The implementation of the Driving License Agreement has also affected my life. Back in October 2010, I successfully passed my driving test in Zveçan/Zvečan, north of Kosovo. I passed the theory and practical test, with that, I obtained the Serbian driving license. It was, however, an invalid document for the Kosovo institutions. I obtained it from an official entity, so I decided to take the risk and drive. Of course, quite often, I was reminded by police that I must obtain the Kosovo Driving License, and in most cases, I ended up with a traffic ticket. This lasted until 2012, when Prishtinë/Priština reached an agreement with Belgrade for such driving licenses to be legally changed to Kosovo ones without having to go through the whole process again.
I was interested to find out how this agreement had affected other Roma in Kosovo, so I asked around and the story began to sound familiar. A good friend of mine from south of Mitrovicë/Mitrovica had a similar experience. He left Kosovo for Italy as a refugee in 1999. After a forced return in 2009, he only had the Yugoslavian ID. From Serbia he managed to get his birth certificate and a new ID, but these were not accepted by the Kosovo authorities. Without Kosovo documents, he couldn’t register his son and the possibility of being stopped by police, for whatever reason, was very stressful. An NGO tried to assist him, but the process dragged on for years. In 2013, the Kosovar municipal authorities were able to find him in the system and issued him with a birth certificate which led to him getting the Kosovo ID.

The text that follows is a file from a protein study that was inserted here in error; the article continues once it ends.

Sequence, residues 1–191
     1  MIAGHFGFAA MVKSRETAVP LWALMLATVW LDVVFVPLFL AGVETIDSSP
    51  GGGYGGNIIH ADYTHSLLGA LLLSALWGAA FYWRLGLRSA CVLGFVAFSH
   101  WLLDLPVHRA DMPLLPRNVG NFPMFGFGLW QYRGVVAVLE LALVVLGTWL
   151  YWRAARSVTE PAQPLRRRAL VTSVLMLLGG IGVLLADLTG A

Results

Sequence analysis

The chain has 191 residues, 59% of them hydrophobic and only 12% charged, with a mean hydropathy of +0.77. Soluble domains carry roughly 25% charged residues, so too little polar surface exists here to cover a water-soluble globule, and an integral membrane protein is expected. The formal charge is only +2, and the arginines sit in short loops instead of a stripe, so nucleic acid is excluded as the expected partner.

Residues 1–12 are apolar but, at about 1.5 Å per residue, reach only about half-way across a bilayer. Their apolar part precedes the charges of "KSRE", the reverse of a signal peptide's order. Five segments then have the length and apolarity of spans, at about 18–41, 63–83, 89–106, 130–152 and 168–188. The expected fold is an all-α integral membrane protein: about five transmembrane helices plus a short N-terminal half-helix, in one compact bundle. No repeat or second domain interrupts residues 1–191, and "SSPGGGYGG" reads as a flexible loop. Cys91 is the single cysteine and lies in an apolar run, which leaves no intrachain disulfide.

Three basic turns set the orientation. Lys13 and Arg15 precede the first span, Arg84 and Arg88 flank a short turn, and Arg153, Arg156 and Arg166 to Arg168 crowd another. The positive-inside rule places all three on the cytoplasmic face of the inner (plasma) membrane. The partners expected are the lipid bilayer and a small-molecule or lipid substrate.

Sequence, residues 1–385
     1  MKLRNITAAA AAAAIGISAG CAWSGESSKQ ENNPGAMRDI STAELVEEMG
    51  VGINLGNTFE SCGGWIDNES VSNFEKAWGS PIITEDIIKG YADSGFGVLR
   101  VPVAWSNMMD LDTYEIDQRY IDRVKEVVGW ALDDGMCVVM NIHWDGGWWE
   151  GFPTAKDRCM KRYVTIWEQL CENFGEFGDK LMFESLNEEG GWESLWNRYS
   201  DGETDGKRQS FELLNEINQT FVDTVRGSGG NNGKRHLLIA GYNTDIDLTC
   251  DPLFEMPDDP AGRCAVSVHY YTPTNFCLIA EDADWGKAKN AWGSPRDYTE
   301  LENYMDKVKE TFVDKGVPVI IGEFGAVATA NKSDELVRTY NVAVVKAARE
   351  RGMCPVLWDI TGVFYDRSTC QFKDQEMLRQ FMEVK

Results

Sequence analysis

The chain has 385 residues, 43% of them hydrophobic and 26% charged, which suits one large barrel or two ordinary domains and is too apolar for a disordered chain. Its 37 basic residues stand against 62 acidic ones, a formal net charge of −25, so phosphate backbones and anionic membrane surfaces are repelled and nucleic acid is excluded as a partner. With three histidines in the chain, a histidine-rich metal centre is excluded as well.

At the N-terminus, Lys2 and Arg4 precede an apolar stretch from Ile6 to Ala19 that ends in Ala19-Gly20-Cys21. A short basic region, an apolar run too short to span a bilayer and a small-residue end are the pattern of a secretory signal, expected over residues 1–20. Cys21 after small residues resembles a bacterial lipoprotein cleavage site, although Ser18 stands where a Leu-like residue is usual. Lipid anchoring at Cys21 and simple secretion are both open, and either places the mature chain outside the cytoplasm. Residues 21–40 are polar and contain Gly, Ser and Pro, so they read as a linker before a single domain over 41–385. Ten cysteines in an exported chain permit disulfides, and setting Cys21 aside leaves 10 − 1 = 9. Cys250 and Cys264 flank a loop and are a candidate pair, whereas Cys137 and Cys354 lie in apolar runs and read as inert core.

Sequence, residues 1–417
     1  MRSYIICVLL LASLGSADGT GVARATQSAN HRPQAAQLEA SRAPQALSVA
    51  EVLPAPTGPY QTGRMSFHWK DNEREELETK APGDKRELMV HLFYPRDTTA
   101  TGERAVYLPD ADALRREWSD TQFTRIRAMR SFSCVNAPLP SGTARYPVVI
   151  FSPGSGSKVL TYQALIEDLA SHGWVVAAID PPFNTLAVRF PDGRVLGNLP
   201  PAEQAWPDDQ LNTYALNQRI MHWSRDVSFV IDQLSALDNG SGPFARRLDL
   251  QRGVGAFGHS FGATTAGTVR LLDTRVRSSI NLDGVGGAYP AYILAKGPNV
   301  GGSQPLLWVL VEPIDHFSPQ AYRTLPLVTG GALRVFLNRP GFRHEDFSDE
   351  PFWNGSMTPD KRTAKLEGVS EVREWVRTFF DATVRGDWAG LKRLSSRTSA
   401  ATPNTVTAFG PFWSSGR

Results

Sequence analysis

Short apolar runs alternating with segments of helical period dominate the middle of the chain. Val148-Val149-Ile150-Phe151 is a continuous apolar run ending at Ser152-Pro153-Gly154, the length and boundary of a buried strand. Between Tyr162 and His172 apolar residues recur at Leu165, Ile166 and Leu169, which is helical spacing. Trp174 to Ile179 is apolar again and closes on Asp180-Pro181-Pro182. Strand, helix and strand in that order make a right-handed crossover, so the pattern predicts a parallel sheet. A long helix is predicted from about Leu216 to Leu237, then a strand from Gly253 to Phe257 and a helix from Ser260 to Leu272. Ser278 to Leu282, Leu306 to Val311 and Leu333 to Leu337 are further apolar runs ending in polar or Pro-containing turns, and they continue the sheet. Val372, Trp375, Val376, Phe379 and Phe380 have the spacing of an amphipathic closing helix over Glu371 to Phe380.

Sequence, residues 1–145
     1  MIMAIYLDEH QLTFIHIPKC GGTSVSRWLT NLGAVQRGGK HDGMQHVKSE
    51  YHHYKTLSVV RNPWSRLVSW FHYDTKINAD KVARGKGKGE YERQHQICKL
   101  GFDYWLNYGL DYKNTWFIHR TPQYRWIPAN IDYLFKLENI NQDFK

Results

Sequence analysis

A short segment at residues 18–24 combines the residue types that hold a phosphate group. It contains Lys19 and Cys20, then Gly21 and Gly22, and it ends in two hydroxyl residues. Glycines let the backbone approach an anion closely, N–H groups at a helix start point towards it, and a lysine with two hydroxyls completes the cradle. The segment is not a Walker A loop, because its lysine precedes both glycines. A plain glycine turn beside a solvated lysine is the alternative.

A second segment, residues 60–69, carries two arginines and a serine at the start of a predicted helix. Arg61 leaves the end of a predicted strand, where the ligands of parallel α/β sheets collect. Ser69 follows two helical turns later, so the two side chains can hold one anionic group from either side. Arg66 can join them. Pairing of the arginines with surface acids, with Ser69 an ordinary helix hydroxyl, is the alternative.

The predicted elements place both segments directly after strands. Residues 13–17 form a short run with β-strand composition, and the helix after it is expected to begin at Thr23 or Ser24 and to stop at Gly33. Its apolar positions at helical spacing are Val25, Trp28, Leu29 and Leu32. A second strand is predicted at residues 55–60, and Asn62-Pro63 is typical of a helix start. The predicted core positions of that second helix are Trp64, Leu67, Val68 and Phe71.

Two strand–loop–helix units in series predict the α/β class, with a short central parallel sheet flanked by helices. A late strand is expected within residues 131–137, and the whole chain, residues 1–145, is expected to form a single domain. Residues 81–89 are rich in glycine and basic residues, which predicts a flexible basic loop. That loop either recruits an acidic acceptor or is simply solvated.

So, clearly there have been tangible effects of the technical dialogue and when one realises that there are so many similar experiences, one can begin to appreciate the impact. However, Kosovo institutions need to sufficiently inform the beneficiaries of these agreements; Roma are still disenfranchised through lack of information at the municipal level and weak representation at the central level. The values of a country are understood best by its treatment of minorities. Involving Roma with more responsibility, cooperation, space and more opportunities should make a stronger path for a better positioned Kosovo. A society is empowered as much as its most disadvantaged groups are. The more people who contribute to Kosovo’s development, the better it will be.
Avni Mustafa was born in Plemetina, Kosovo in 1987. Avni is a human rights activist and trainer. As a young activist he worked as manager of the local NGO Romano Resaipe. During this time, he published a book entitled The Needs and Problems of Roma Ashkalis and Egyptians in the municipality of Obiliq/Obilić. He has worked as a journalist with Public Service of Kosovo and was the director of the short documentary film Our Journey. He has also been involved in the Community Counsel, Rolling Film Festival and Balkan Sunflowers Kosova. Currently Avni is the Director of Roma Versitas Kosovo.
This article has been produced with the financial assistance of the Royal Norwegian Embassy in Kosovo and the European Union. The contents of this publication are the sole responsibility of Kosovo-Serbia Policy Advocacy Group and can in no way be taken to reflect the views of the Royal Norwegian Embassy or the European Union.